High profile keynote speakers such as Taya Kyle and Donald Trump Jr. graced the stages of the 10th annual Western Hunting and Conservation Expo held in Salt Lake City, Utah this weekend. The growing popularity of this event attracts hunting and outdoors enthusiasts from across the Western United States and industry stars such as Cam Hanes and Eva Shockey, among others take the time to meet and greet with show-goers.
Aside from the star-studded keynotes and appearances, the show is also known for its annual auctions in which rare tags and permits, trips, firearms and other products and supplies are sold to the highest bidder.
The most recent auction featured the sale of a coveted, yet controversial mule deer tag for the Antelope Island State Park in Utah. The park is well known for its genetically pure herd of an estimated 700 bison, roughly 130 bighorn sheep and about 500 male mule deer, many of which are considered to be of world-class calibre.
“Antelope Island has uniquely large genetic antlers so we get large deer and people want the opportunity to get the largest antlered deer,” Division of Wildlife Resources Director Greg Sheehan said.
Much the same as similar auctions held around the United States, the proceeds from these rare permit auctions always heads straight back to the animal’s habitat. That isn’t to say that this particular auction does not come without its fair share of controversy.
“Antelope Island is controversial because it’s a state park, but it’s a resource-based park and the resource is wildlife and it costs to manage wildlife,” Sheehan said. “People say ‘no hunting’ and I understand the concern about hunting at a park. But you have wildlife growth that needs to be managed.”
Misconceptions regarding the allocation of auction dollars are another topic of controversy surrounding this and other auctions like it. Ninety percent of the proceeds from both the mule deer and bighorn sheep permits sold for Antelope Islands State Park are placed back into the island through habitat projects.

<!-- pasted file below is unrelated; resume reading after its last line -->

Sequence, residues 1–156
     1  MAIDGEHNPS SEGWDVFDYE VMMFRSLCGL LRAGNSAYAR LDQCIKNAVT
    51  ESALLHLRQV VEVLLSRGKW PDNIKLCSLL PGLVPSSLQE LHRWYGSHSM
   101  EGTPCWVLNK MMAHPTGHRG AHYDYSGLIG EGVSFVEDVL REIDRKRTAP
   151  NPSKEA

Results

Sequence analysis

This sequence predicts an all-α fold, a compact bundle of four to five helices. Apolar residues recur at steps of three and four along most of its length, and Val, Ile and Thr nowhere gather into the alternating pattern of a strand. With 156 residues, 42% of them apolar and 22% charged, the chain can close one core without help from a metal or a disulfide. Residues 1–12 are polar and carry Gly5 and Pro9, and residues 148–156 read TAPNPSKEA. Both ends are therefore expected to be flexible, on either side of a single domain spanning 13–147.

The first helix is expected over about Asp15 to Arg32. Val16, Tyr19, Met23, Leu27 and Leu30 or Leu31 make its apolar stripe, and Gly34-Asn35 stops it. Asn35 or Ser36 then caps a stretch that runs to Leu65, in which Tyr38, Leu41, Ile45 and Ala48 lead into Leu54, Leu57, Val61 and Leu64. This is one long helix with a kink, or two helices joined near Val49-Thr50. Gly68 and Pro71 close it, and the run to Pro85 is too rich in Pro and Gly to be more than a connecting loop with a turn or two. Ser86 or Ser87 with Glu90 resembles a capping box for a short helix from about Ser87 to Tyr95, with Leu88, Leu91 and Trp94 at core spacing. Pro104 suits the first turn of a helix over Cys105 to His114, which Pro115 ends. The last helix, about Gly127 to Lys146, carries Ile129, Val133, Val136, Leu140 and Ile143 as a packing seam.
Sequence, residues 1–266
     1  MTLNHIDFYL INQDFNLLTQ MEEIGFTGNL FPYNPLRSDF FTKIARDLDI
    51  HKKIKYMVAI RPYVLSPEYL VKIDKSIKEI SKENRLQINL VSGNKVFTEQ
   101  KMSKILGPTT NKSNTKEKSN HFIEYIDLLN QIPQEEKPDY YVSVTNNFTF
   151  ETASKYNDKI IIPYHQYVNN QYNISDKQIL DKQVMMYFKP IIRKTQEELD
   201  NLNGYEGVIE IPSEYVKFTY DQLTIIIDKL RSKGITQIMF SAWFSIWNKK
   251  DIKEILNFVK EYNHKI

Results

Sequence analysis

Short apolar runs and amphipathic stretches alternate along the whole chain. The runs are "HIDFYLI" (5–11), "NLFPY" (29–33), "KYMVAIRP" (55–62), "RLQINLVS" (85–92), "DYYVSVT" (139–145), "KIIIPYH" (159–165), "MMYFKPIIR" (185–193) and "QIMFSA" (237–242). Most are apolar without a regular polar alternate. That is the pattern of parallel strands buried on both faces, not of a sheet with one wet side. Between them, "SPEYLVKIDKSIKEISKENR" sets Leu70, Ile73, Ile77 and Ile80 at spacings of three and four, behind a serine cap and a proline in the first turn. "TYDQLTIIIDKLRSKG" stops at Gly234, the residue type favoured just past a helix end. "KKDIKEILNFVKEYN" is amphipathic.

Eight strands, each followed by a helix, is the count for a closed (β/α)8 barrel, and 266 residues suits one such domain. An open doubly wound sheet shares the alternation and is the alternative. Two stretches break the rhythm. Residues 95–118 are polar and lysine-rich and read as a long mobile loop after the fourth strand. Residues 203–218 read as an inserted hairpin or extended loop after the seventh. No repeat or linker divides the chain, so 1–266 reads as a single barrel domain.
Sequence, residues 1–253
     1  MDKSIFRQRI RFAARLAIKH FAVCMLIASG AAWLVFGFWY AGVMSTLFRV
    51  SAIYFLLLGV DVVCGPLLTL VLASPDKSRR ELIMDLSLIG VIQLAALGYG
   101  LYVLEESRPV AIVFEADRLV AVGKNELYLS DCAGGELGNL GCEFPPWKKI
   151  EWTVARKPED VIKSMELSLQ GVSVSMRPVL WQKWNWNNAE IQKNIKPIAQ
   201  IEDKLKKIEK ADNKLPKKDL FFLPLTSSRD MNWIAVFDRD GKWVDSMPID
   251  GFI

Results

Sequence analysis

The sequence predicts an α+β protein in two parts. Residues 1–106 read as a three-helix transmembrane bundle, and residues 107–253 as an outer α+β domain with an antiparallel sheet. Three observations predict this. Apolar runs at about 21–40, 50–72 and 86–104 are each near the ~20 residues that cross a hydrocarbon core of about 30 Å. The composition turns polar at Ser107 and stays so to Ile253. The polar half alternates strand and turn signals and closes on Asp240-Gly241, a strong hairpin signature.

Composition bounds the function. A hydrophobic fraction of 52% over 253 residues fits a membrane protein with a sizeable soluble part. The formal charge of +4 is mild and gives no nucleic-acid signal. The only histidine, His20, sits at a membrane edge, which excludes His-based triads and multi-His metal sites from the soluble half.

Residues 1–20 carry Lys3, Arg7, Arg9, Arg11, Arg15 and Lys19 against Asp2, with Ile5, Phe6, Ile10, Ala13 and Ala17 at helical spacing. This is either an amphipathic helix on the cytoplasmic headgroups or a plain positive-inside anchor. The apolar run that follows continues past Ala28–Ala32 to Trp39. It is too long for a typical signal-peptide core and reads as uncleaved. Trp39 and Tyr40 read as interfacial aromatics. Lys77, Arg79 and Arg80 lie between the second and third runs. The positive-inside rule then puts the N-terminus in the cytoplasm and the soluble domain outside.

“What I want to get through to everybody and what is probably the biggest misnomer out there is that that hunt money is used to run the park,” Shaw said. “I’ve read the forums and I’ve got online and read the fact that people say, ‘Oh thank goodness that these people come buy these high dollar tags and save Antelope Island. They are using that money now to run the park.’ And that’s very, very far from the truth. We aren’t allowed to spend that money on any park function. We strictly spend that money on habitat for bighorn sheep and mule deer.”
The mule deer tag sold for a record $410,000, just beating out last year’s record of $390,000 that was paid for the permit. British Columbia hunter, Troy Lorenz penned the winning bird in Friday’s auction and was also the winner of the 2015 auction and killed a 231” mule buck using that tag.
“It’s a good organization and the money goes for a good cause,” Lorenz said. “And it’s a fun hunt.”